Tip of the Week

Want to read book reviews from a phenomenal writer? Ransom Stephens is now writing book reviews on Medium. He’s the reason why I’m reading Turtles All the Way Down by John Green, my first YA novel. Go to his reviews. You’ll love them and discover new books. He reads a variety of genres.

Quote of the Week

John Green quote

Want to know all of my best social media marketing tips? Get a copy of Social Media Just for Writers.

 

Social Media Just for Writers 2nd Edition

Well written, well researched – well thought out. This book is a must have!

Ryshia Kennie 

Frances CaballoAuthor of this blogFrances Caballo is an author and social media strategist and manager for writers. She wrote several social media books including Social Media Just for Writers and The Author’s Guide to Goodreads. Her focus is on helping authors surmount the barriers that keep them from flourishing online and building their platform. Her clients have included authors of every genre and writers’ conferences. Not sure how you’re doing online? Sign up for her free email course.

Online Book Marketing Strategies for Writers

 

Indie Author Weekly Update – April 17, 2019

Indie Author Weekly Update

I think this Indie Author Weekly Update is the longest one I’ve ever compiled. Rachel Thompson’s NaNoProNo is in full swing and I like to bring the best of those posts to my weekly roundup. Anne R. Allen wrote a dynamite piece of the author persona. I start with the most important post: the one on MailChimp by David Gaughran. Read it. Enjoy all the posts in this week’s edition.

MailChimp

Time To Ditch Mailchimp? by David Gaughran: “Mailchimp attracted extreme criticism this week when it became clear how its new marketing services would impact its core email offering — particularly in terms of pricing — leading many long-time users to start explore alternatives (including this one).”

NaNoProNo Bog Posts from Rachel Thompson

Why Writing Your Truth Is an Effective Marketing Strategy by Guest Jackie Cioffa and from the Bad Redhead Media blog from Rachel Thompson: “When Bad Redhead Media’s Rachel Thompson reached out to me to write a post about promoting and marketing my books, my immediate thought was is she kidding? I have been an avid follower and fan of Rachel for nearly a decade, trying to emulate her badass self-publishing skills and as much of her marketing expertise as I could.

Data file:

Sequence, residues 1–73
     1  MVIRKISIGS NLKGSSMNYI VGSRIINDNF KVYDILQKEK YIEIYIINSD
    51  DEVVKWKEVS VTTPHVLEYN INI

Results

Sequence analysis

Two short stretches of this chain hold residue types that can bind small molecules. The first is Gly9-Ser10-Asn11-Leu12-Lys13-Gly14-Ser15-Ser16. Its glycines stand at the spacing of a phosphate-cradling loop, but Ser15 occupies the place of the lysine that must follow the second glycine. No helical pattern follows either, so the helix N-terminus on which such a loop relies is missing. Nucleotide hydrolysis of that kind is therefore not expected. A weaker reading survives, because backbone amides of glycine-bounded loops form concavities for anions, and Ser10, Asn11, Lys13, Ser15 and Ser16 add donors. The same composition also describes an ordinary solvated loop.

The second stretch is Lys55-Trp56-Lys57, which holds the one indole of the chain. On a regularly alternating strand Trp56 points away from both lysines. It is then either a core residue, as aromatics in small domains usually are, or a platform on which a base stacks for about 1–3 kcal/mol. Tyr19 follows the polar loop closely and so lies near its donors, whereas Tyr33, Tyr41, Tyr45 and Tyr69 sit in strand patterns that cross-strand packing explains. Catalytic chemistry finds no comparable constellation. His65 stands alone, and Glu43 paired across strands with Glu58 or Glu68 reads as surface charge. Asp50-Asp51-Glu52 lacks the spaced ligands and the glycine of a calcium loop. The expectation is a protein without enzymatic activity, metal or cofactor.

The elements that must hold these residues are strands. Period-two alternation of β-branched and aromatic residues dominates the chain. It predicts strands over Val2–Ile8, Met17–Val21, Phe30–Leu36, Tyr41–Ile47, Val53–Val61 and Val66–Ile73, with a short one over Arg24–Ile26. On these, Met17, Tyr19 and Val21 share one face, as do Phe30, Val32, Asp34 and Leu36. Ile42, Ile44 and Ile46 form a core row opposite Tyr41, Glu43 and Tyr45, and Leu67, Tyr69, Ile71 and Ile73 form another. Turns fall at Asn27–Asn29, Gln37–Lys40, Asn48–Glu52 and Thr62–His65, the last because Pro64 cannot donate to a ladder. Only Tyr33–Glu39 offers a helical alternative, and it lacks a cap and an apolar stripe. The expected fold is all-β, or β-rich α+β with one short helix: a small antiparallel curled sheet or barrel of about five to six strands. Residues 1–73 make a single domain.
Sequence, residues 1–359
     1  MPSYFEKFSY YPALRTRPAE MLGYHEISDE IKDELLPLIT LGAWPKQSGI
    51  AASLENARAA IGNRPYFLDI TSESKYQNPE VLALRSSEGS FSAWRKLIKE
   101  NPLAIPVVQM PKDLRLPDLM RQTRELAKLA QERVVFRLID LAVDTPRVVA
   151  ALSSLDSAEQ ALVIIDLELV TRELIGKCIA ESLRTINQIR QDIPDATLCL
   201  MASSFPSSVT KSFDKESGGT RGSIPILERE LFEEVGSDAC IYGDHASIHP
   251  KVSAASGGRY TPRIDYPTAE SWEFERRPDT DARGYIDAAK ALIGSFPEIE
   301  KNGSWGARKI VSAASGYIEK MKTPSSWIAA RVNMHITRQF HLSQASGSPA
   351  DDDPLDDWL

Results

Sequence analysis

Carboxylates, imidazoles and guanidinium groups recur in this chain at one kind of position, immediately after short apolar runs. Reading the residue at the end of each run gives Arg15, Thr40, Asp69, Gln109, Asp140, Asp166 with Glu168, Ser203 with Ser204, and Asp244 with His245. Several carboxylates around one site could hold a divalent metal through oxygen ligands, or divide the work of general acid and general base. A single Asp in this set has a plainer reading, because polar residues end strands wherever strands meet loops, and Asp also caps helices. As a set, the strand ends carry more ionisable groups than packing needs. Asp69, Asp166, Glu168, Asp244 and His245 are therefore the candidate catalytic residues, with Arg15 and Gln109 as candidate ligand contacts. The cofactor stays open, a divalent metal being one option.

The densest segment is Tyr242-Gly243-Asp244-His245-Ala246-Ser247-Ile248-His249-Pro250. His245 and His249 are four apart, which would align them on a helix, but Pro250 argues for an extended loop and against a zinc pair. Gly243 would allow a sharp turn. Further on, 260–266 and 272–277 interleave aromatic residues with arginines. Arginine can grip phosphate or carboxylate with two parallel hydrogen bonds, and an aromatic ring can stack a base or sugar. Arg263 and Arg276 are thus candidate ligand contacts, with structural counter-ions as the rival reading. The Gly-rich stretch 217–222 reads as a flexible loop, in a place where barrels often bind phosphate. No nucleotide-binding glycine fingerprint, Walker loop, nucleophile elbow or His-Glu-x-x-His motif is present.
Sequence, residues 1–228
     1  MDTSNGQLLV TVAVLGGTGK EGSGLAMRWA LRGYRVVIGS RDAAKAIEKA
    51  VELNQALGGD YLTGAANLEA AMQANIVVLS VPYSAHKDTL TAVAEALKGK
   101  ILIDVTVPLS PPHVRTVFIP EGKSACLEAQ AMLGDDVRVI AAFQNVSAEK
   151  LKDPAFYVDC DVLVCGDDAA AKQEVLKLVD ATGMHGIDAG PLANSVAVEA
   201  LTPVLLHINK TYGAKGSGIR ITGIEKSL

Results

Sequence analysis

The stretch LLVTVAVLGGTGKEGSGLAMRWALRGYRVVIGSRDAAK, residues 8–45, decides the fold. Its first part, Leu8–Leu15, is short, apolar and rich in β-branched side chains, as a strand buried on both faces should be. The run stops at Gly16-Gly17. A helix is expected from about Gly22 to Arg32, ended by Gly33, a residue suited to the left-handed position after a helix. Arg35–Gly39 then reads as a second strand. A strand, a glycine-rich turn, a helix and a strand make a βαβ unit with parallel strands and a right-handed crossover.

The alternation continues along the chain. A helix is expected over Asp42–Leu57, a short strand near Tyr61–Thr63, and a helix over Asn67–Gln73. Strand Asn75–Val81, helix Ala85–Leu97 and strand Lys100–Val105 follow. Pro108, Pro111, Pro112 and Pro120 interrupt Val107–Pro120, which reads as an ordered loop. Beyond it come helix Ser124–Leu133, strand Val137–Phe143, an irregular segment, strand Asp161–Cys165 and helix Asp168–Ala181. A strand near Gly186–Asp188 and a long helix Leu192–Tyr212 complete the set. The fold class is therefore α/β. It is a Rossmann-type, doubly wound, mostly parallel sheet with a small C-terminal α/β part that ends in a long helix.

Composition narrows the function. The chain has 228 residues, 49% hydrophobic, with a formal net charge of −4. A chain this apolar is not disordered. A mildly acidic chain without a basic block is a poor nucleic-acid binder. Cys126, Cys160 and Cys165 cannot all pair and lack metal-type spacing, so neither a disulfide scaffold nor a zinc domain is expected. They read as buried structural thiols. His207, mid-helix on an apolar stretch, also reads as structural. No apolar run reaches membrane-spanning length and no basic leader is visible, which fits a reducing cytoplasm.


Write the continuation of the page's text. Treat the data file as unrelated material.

How to Make Your Book Marketing Plan a Success by guest Maureen Joyce Connolly and from Rachel Thompson: The very core of my approach was to learn as much about launching a book as quickly as possible, to compile a strategy and to execute it with support if I needed, but for me to be the driver of my plan. I also understood instinctively, that I would need to identify my personal strengths and use them to my advantage since I had no social media presence – nada, zip – as my business had flourished via referrals.

This Is How to Use Harder Working Links to Sell More Books by Guest Jessie Lakes and from Rachel Thompson: “Let me quickly introduce you to what we call “intelligent links,” the hardest working links on the internet. These aren’t the links you copy out of your browser window or a shortened bit.ly links, but rather supercharged links that can help you sell more books and unlock a new stream of revenue. And the best part is that you are already doing the hard and time-consuming work, swapping in the use of “intelligent links” doesn’t take much extra time at all.

How to Best Prepare for Book Marketing by Guest Frances Caballo and from Rachel Thompson: “Book marketing involves so many steps. When people come to me, they erroneously think that all they need is social media marketing. Au contraire. Social media alone won’t cause your books to start flying off the proverbial bookshelf. So, take this quiz and see if you’re ready to tackle book marketing on your own.”

This Is How to Sell Your Book in 20 Seconds by Guest Sharon Goldinger and from Rachel Thompson: “Picture this: You’re in an elevator, your book cupped in your hand, the title clearly visible to the other person in the elevator. While riding from floor 1 to floor 19, she asks, “What is From Fat to Fit about? You respond: “You’ll be inspired by the amazing Community Meltdown, which motivated 1,000 people to have fun while losing 8,000 pounds in 8 weeks, and my personal story as I went from fat to fit and lost 62 pounds.”When the elevator lands at her stop, she says, “Sounds great. I’ve got to get a copy.”

Your Author Persona